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Want to raise a child who stands up for the little guy? Teaching empathy is key to developing emotional intelligence. Clinical psychologist Michelle Nortje shares how you can do this.
Bullying and aggression in schools are becoming more and more common experiences for children. Additionally, in a consumer-driven society it is often one’s own wishes and wants that take preference over helping others. Teaching empathy is one early intervention that help prevent these issues from becoming a more rigid societal problem. The family system is the ideal context in which a child can learn about empathy, in order to grow up into a person who cares for, and shares with, others.
Seeing the world through someone else’s eyes
Empathy is what happens when someone thinks about the thoughts, feelings and experiences of another. The capacity for empathy, kindness and concern for others is vital for a child’s moral development, and so that they can establish mutually fulfilling relationships. Fundamental feelings of concern for others are seen in small babies – a baby may show signs of distress when their mother is feeling sad by also crying or becoming restless. More genuine forms of empathy are seen in children as they enter toddlerhood from 18 to 24 months – a toddler may show distress or guilt when they break a friend’s toy. While the instincts are there, children begin to learn fundamental moral lessons during the first two years of life. This is the ideal time to focus on supporting your child’s moral development.
Give to understand
An active way to help strengthen one’s child’s growing capacity for empathy is through the actions of charity and prosocial behaviour. The values of charity lead to actions of caring – being generous and giving of one’s time and energy to help others. Here are a few simple ways you and your child can develop significant values of helping, sharing, expressing concern, comforting, compassion, responsiveness, gratitude and social awareness.
Charity starts at home
Before children can practice empathic behaviour in their own communities and larger contexts, they need to have space and support to practice these behaviours within the family home. The value of helping others can be facilitated in ordinary daily routines and chores. For example, washing dishes after meals and tidying away toys after playtime can become an opportunity for vital family interaction, sharing of tasks, and teaching respect and gratitude for one’s family members, food and belongings.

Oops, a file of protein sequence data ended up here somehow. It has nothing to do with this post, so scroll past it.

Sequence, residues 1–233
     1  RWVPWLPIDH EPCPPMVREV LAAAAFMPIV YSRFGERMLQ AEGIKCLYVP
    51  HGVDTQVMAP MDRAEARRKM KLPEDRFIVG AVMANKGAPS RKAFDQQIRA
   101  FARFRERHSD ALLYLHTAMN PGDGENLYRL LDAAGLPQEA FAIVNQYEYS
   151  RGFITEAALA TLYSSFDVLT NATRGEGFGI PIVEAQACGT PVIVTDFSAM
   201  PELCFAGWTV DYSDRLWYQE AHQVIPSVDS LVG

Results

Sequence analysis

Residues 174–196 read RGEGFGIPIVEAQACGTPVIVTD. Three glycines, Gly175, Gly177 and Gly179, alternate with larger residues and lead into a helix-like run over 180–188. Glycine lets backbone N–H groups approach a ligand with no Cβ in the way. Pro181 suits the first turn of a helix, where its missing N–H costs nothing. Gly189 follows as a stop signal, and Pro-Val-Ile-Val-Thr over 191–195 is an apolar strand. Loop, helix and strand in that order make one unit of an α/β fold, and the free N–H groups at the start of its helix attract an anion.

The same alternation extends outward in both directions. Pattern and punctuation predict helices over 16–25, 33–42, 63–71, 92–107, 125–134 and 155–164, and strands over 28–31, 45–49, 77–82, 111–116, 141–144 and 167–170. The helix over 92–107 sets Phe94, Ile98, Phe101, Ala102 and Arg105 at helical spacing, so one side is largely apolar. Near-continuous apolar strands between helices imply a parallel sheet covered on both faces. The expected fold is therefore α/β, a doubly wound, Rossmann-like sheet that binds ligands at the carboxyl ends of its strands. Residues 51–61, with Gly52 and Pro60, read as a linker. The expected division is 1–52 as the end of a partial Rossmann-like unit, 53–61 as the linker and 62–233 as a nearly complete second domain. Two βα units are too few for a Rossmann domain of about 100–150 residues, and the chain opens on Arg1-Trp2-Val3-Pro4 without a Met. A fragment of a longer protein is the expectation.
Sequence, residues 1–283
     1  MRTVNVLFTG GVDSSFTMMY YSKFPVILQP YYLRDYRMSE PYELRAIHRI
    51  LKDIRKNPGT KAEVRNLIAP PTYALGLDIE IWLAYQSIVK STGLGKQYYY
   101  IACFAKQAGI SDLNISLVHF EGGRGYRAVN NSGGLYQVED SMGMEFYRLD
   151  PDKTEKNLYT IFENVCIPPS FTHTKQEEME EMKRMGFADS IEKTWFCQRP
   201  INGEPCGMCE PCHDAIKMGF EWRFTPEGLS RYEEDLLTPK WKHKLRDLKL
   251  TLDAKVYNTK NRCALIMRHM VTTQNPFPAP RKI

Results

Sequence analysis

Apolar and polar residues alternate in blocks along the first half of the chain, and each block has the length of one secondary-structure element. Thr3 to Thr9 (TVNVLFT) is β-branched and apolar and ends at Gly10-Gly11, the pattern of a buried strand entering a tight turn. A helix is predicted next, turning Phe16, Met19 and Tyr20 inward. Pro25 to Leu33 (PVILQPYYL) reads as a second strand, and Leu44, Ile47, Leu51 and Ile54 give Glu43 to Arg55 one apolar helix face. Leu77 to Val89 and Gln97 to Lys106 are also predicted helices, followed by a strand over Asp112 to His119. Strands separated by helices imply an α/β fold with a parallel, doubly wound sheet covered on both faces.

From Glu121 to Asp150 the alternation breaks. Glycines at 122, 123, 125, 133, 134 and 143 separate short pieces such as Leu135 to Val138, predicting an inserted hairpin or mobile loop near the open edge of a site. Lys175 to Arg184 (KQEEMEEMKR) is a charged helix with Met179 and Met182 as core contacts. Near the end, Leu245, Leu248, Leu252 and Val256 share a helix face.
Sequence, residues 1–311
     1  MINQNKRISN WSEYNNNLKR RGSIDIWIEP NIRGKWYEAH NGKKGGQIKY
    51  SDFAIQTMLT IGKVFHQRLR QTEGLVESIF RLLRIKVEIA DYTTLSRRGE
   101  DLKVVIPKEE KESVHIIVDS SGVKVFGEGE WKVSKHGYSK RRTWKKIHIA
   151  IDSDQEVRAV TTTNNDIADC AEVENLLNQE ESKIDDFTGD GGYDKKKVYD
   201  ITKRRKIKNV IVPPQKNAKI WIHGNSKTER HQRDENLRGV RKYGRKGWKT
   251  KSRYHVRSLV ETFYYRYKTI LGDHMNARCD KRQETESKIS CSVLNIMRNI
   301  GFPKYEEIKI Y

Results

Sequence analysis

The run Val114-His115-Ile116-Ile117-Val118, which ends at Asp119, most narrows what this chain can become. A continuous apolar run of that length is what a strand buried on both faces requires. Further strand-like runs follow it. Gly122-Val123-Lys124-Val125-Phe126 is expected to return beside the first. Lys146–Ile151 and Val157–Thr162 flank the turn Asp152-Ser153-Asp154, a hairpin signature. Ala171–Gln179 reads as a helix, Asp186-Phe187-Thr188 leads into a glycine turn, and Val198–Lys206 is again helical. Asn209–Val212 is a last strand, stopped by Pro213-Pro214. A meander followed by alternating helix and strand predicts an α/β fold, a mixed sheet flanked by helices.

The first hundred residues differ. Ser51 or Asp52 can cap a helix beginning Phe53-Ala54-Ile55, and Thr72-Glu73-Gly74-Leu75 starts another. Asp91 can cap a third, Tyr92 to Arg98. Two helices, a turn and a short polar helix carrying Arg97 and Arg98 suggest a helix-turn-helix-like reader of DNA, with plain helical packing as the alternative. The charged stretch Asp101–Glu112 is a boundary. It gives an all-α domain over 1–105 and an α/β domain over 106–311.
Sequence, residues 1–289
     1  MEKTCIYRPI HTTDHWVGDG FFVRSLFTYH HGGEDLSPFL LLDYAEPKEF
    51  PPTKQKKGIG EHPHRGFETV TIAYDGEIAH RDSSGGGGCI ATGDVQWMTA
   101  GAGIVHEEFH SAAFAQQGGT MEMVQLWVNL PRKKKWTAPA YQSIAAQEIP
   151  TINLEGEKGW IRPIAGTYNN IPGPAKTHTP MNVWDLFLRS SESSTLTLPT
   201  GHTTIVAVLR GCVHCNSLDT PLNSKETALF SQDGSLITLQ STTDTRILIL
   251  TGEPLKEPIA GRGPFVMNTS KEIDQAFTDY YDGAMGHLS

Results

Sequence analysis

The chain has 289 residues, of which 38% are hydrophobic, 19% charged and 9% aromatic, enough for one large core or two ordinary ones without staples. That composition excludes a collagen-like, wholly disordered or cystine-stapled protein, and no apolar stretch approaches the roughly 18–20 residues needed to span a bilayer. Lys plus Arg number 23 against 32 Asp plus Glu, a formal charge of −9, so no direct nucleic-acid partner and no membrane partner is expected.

Be the change you want to see
Children very often learn by observing others. It is therefore important that parents model the behaviour we wish our children to show. This can start in very small but important ways in the home. Demonstrate manners, politeness, generosity, gratitude and forgiveness. If we cannot embody ideals of tolerance and caring, then we cannot expect our children to behave in such ways.
Give feelings words
An important aspect of empathy is to understand what other people think and feel. Small children need some help in learning the vocabulary that matches different emotive states and nonverbal cues. Making masks of different facial expressions, playing with their own faces in the mirror and labelling their own feelings on a regular basis, helps teach children about how others may be feeling, and then responding appropriately. In his book Empathy and Moral Development: Implications for Caring and Justice (2000), Martin Hoffman explains that empathy and morality can be fostered by explaining to a child why their behaviour is wrong as well as emphasising how their behaviour has affected other people.
Make it a family task
Using time to volunteer as family is an additional way to spend time together as a family, while also adding value to your community. For example, a family trip to the park can be followed by teaching your child about protecting the environment and picking up any stray litter in the area.
Get your child involved in the decision-making
Asking your child for ideas for a volunteering activity not only helps ensure their interest, but it also shows them that they are valued and included members of the family, no matter their age.
Focus on time, not money
Although many charity organisations require donations to keep functioning, small children aren’t personally involved when merely donating money to a charity. Giving children the opportunity to be involved directly in these organisations is a more hands-on way to help them help others. For example, reading to the elderly or helping to set up at a jumble sale.
Make sure it’s something age-appropriate that your child is interested in
Each child has their own strengths and abilities. Helping your child use her strengths in charitable settings will not only help others, but also boost your child’s confidence and self-esteem. For example, if your child is skilled at playing a musical instrument, you could maybe arrange a small recital at an orphanage or children’s hospital ward. Volunteer activities should, however, always be age-appropriate. If your child is a more sensitive child, then be mindful of what experiences may be too emotionally taxing. For example, for some children, seeing others who are very ill may be difficult for them to manage.
The road is long
Empathy is a capacity that we can all keep building on – even as adults. By helping our children become more generous and thoughtful members of society, you as parents will also be able to create more meaningful interactions with your children and your larger community.
Want to help? Find specific charities in your area: